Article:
BG-12 works through the Nrf2 pathway which is involved with how your body protects itself against oxidative stress, inflammation, and, thereby, neurodegeneration. This is a very different approach than that of the drugs that had been previously released interferons which are believed to reduce the overall immune response directed against the CNS. As with any approach, however, there are caveats to using the Nrf2 pathway—basically that cancer cells may be able to manipulate the system and generate their own antioxidants to promote their survival.

A small, but necessary, detour as we recall Biogen’s MS drug Tysabri (Natalizumab) which was approved in 2004 but withdrawn in 2005 after being linked to three cases of progressive multifocal leukoencephalopathy (PML). It was ultimately put on the market in 2006 after a review of its safety data, the addition of black box warnings plus a special prescription program, and the intense lobbying by MS patients.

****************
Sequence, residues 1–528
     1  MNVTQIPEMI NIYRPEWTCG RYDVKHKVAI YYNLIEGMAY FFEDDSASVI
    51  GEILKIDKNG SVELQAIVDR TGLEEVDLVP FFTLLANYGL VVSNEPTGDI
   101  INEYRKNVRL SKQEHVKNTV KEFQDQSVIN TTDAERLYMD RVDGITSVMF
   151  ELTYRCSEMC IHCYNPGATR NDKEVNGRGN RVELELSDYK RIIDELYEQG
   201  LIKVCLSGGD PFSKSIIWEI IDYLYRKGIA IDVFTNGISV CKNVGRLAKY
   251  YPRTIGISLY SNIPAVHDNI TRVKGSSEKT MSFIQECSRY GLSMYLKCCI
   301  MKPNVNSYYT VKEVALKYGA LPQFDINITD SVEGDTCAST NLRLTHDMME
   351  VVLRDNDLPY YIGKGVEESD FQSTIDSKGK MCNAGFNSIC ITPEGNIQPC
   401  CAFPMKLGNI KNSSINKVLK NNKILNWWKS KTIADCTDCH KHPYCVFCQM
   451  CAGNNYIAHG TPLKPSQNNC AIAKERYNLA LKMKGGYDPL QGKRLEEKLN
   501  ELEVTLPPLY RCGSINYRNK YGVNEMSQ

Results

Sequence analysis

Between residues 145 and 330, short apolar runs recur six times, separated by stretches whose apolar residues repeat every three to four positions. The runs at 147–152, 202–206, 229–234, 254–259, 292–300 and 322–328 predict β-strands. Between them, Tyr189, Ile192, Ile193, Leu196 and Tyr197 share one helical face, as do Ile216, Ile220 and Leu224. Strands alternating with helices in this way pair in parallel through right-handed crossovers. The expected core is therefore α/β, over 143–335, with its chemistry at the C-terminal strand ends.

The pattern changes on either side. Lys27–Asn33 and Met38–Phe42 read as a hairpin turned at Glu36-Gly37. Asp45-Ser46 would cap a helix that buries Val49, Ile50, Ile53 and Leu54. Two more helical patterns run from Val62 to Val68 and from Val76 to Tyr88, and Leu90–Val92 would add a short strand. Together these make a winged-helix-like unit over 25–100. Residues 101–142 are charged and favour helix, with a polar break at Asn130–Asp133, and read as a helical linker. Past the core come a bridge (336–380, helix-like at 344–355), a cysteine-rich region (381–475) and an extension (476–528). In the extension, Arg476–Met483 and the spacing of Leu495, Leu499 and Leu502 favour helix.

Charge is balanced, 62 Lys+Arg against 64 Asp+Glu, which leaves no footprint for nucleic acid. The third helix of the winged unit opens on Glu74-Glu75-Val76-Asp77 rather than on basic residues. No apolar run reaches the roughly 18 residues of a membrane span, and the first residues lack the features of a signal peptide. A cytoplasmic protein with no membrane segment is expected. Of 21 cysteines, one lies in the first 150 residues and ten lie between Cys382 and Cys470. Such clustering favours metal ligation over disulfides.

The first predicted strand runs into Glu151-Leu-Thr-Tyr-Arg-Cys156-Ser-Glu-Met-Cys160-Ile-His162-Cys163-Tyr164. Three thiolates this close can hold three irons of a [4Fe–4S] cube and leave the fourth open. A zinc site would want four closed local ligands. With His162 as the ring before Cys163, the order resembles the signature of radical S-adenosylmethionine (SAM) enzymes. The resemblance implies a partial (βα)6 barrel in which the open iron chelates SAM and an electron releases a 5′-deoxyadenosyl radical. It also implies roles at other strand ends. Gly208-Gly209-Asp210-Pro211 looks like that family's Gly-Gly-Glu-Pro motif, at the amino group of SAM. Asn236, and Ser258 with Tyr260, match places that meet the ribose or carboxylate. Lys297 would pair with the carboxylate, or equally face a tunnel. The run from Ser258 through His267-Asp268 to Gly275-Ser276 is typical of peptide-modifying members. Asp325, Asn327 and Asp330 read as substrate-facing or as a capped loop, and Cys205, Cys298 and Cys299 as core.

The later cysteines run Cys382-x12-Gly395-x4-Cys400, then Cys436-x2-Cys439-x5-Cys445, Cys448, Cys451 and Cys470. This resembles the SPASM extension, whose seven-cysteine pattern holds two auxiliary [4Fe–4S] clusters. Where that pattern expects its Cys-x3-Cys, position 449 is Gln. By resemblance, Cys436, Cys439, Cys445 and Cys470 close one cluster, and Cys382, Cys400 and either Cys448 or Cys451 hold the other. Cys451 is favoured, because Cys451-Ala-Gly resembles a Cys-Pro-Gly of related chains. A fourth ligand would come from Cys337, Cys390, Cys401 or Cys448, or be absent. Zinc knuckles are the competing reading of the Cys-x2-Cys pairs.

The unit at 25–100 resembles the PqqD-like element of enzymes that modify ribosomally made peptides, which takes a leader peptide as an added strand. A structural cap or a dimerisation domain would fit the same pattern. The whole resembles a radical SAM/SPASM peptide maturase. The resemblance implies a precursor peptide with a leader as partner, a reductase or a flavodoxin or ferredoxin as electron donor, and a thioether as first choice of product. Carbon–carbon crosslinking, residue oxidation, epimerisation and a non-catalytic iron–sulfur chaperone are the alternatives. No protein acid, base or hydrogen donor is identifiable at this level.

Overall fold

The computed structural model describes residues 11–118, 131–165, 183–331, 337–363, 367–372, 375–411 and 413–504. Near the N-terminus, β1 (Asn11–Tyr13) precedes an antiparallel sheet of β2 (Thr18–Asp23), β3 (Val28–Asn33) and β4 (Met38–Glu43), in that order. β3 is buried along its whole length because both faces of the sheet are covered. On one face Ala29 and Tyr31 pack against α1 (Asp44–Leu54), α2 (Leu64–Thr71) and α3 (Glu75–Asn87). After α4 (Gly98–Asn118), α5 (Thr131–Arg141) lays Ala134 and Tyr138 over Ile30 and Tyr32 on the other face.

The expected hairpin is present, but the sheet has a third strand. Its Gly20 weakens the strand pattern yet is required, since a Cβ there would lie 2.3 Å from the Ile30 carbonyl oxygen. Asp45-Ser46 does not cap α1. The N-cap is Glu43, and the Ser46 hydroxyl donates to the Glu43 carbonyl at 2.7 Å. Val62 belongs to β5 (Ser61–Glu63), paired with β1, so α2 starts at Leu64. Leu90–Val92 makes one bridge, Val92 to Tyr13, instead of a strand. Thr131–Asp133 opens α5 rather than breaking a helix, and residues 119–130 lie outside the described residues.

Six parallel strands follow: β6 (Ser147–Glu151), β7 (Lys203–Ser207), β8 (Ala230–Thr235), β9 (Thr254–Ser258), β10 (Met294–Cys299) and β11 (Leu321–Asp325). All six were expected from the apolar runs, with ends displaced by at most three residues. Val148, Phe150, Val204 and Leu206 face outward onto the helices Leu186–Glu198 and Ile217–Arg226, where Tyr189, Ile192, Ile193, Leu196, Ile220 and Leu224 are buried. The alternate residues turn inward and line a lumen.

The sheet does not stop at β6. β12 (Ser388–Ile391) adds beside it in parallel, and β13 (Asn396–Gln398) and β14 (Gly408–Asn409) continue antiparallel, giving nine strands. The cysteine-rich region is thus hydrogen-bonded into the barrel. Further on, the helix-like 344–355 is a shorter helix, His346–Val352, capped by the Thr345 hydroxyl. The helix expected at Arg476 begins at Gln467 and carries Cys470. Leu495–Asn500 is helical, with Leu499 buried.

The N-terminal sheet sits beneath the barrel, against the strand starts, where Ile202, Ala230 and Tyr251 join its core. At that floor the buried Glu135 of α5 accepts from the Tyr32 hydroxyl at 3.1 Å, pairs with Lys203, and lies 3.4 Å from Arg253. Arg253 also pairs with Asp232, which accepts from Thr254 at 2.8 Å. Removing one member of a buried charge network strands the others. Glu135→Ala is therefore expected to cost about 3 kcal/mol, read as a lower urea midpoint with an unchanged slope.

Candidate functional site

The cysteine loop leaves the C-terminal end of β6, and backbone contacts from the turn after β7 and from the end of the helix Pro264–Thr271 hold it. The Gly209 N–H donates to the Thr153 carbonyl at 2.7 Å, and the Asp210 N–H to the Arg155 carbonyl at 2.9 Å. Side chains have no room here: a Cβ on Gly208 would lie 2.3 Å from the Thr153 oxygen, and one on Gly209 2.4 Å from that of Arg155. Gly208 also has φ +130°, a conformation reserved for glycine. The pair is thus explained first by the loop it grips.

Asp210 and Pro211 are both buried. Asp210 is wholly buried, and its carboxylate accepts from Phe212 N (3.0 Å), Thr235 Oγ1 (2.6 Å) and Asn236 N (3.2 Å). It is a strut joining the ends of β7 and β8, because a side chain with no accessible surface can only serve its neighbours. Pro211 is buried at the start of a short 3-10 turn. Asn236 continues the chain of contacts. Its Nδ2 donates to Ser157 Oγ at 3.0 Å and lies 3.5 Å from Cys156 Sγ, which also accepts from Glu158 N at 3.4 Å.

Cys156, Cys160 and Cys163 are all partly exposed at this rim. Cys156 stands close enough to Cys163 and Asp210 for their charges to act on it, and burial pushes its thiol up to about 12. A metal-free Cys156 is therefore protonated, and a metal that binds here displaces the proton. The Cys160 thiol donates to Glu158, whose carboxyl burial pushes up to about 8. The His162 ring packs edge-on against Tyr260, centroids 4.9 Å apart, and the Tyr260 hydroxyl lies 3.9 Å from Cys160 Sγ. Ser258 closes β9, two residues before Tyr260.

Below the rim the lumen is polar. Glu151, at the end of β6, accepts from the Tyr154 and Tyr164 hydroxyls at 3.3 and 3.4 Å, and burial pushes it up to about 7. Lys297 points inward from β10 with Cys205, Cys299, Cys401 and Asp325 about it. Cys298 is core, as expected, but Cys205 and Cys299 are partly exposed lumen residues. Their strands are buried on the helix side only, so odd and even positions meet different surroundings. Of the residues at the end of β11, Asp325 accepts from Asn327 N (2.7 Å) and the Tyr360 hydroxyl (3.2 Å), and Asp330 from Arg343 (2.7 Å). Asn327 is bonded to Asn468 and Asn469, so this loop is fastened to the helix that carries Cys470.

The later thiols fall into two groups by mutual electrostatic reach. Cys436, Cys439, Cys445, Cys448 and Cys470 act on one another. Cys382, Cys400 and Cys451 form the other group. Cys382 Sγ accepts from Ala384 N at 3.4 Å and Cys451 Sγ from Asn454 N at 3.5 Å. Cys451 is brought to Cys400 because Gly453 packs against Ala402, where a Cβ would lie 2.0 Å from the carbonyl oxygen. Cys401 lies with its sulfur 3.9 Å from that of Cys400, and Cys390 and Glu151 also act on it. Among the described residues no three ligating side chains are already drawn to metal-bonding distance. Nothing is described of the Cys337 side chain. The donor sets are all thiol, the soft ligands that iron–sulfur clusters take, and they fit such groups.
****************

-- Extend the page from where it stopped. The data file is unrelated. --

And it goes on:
Biogen then came out with a test for the JC Virus to help people determine their risk of developing PML.

It, obviously, caused a certain amount of concern in the MS population awaiting BG-12 when several PML cases were seen with Fumaderm use for psoriasis:

• Background: Fumaric acid and/or its derivates were found to be effective and safe in the treatment of psoriasis vulgaris. In addition, treatment with fumaric acid is currently evaluated in phase II/III trials for the therapy of multiple sclerosis. PML is a rare but frequently fatal disease caused by the uncontrolled replication of JC virus (JCV), a polyomavirus, in the brains of some immunocompromised individuals, including 4 to 5% of HIV-positive patients with AIDS, also occurring in association with leukemia and lymphoma.